Slow improvement in job market
WASHINGTON (AP) -- Little by very little, the job market is getting better.
A closely watched measure of the jobs crisis, the number of people filing for unemployment benefits for the first time each week, fell to 388,000 in a report released Thursday, its lowest point since April.
The four-week average, which economists check because it smoothes out the week-to-week fluctuations in the job market, dropped below 400,000 for the first time in seven months.
Claims would have to be below 375,000 -- and consistently -- to signal the sustained job gains that the United States needs to lower its 9 percent unemployment rate. But economists were at least encouraged by the trend.
As fewer buy homes, apartment construction surges
WASHINGTON (AP) -- Builders have found a way to make money in a decrepit home market: Apartments.
Permit requests to build apartments jumped to a three-year high last month. In 12 months, they've surged 63 percent.
Blame the housing bust, which left many people without the means, the credit or the stomach to buy. More people need apartments. The demand has driven up monthly rents. And apartment-home builders are rushing to cash in.
That said, the overall home market remains depressed. Builders are still struggling. They broke ground on a seasonally adjusted annual rate of 628,000 homes last month, the government said Thursday. That's barely half the pace that economists equate with a healthy market.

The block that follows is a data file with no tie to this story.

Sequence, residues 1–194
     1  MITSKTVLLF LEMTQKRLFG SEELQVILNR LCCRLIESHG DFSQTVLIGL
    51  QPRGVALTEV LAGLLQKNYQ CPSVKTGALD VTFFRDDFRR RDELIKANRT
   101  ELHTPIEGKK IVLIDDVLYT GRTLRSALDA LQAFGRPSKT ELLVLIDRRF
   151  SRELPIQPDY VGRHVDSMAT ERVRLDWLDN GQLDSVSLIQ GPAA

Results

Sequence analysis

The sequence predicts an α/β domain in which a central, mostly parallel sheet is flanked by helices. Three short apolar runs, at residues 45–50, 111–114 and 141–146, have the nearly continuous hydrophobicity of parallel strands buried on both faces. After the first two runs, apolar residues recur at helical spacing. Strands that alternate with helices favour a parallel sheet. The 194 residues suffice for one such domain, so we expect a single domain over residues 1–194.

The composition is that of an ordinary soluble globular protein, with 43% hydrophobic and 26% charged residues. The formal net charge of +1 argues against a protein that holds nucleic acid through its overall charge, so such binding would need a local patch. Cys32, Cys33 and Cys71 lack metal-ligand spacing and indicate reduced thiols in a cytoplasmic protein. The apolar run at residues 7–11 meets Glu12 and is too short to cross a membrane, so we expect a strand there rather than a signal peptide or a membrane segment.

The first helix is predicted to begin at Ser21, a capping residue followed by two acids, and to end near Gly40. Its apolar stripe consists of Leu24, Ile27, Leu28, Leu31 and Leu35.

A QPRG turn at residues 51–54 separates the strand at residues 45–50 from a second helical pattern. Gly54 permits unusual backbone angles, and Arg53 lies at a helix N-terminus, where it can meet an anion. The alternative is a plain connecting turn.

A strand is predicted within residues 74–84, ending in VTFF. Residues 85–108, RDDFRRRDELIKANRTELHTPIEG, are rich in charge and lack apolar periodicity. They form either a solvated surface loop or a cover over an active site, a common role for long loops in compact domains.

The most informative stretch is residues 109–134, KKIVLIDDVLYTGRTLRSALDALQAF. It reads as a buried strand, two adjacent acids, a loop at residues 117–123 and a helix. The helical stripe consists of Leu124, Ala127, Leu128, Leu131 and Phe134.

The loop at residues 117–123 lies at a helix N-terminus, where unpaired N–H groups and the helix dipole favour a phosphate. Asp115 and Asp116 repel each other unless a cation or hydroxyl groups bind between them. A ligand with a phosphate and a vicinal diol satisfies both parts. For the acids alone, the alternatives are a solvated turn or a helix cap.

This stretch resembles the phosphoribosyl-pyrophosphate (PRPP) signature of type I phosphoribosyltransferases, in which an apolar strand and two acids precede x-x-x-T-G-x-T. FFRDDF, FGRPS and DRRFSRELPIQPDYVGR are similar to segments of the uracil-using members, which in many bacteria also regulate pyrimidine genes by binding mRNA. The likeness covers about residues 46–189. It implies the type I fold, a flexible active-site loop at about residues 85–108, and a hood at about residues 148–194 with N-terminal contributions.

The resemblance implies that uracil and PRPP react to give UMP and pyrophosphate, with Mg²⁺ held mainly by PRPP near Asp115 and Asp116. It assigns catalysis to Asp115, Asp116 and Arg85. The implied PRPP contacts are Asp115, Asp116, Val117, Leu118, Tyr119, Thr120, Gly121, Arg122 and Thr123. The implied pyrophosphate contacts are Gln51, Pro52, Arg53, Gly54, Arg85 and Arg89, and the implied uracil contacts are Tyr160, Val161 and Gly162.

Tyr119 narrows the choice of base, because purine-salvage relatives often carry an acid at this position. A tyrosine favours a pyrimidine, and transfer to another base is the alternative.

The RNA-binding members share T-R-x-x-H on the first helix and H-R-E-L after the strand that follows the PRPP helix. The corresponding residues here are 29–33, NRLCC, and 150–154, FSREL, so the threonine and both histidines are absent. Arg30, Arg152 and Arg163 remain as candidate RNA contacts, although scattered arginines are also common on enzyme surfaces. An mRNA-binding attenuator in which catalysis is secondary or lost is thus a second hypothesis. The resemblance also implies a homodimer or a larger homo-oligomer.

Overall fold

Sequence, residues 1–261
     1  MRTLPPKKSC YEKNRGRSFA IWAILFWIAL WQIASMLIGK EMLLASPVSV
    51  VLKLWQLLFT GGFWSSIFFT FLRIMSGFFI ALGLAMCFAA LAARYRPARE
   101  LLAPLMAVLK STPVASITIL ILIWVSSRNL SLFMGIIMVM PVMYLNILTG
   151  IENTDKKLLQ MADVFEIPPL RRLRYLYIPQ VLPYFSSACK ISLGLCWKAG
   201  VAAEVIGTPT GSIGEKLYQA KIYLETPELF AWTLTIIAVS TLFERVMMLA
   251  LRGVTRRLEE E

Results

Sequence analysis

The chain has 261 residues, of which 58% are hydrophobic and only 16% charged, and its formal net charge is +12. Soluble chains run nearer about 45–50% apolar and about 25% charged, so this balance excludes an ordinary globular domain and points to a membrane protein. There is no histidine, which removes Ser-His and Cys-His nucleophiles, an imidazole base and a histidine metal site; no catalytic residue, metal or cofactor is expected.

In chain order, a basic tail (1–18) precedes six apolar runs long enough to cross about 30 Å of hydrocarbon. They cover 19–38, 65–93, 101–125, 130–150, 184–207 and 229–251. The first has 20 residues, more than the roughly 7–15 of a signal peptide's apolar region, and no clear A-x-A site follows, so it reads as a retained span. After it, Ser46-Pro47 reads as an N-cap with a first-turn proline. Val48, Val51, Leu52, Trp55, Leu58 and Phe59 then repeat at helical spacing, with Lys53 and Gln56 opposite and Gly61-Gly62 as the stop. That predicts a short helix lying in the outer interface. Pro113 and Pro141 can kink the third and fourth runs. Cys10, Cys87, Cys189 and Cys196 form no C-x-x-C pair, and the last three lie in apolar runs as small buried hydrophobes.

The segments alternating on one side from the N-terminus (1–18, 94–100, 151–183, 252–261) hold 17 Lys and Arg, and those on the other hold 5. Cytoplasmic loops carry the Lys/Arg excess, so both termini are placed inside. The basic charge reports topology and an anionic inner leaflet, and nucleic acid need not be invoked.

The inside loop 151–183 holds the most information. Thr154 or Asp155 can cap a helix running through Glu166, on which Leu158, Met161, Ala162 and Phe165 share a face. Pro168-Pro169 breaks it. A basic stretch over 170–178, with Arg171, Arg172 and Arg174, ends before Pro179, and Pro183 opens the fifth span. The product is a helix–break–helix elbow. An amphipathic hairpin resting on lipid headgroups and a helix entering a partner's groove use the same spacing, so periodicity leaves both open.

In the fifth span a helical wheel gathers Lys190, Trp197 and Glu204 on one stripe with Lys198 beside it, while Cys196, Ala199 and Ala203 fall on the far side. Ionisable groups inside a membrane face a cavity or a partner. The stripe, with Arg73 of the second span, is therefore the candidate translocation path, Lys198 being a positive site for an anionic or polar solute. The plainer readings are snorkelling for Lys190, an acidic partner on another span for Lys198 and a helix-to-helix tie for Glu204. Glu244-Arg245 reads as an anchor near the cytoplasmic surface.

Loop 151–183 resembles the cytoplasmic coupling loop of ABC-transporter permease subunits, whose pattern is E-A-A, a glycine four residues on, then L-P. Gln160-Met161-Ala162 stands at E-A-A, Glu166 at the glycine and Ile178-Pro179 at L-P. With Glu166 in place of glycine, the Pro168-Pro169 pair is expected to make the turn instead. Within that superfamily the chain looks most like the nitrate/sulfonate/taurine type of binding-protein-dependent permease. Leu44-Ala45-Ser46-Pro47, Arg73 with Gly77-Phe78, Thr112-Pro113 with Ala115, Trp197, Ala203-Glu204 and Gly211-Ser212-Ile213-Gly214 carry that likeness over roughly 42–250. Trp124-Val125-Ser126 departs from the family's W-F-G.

High unemployment, stagnant pay and waves of foreclosures have slowed sales of single-family homes, which make up about 70 percent of the home building market. Apartment construction may be surging, but it's a small portion of the industry.
More apartment building won't add enough jobs to reduce unemployment or hasten an end to the housing crisis. Still, it's contributed to the overall economy's growth for two straight quarters. And many economists expect apartment construction to grow for at least the next 12 months, as long as the economy avoids another recession.
Protesters march nationwide; over 200 arrested
NEW YORK (AP) -- Occupy Wall Street protesters clogged streets and tied up traffic around the U.S. on Thursday to mark two months since the movement's birth and signal they aren't ready to quit, despite the breakup of many of their encampments by police. More than 200 people were arrested, most in New York.
The marches were for the most part peaceful, with only scattered clashes between police and demonstrators. Most of the arrests were for blocking streets, the traffic disruptions were brief, and the turnout, at least in New York, fell well short of what police had been expecting.
Chanting "All day, all week, shut down Wall Street," more than 1,000 demonstrators gathered near the New York Stock Exchange and sat down in several intersections. Helmeted police broke up some of the gatherings, and operations at the stock market were not disrupted.